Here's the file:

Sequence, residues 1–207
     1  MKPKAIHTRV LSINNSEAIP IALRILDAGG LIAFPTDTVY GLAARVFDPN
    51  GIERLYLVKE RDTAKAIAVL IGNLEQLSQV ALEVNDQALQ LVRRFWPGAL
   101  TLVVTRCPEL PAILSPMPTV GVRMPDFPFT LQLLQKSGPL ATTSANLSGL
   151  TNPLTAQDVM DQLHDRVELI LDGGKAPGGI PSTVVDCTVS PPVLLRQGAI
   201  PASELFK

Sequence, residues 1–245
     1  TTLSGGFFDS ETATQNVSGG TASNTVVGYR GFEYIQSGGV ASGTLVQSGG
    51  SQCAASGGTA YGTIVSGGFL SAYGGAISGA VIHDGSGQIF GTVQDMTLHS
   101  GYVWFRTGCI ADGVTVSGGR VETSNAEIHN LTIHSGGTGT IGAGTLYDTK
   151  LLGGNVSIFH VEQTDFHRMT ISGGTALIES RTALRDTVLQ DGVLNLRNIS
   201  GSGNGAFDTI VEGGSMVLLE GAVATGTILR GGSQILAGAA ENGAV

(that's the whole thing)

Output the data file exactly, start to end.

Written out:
Sequence, residues 1–207
     1  MKPKAIHTRV LSINNSEAIP IALRILDAGG LIAFPTDTVY GLAARVFDPN
    51  GIERLYLVKE RDTAKAIAVL IGNLEQLSQV ALEVNDQALQ LVRRFWPGAL
   101  TLVVTRCPEL PAILSPMPTV GVRMPDFPFT LQLLQKSGPL ATTSANLSGL
   151  TNPLTAQDVM DQLHDRVELI LDGGKAPGGI PSTVVDCTVS PPVLLRQGAI
   201  PASELFK

Sequence, residues 1–245
     1  TTLSGGFFDS ETATQNVSGG TASNTVVGYR GFEYIQSGGV ASGTLVQSGG
    51  SQCAASGGTA YGTIVSGGFL SAYGGAISGA VIHDGSGQIF GTVQDMTLHS
   101  GYVWFRTGCI ADGVTVSGGR VETSNAEIHN LTIHSGGTGT IGAGTLYDTK
   151  LLGGNVSIFH VEQTDFHRMT ISGGTALIES RTALRDTVLQ DGVLNLRNIS
   201  GSGNGAFDTI VEGGSMVLLE GAVATGTILR GGSQILAGAA ENGAV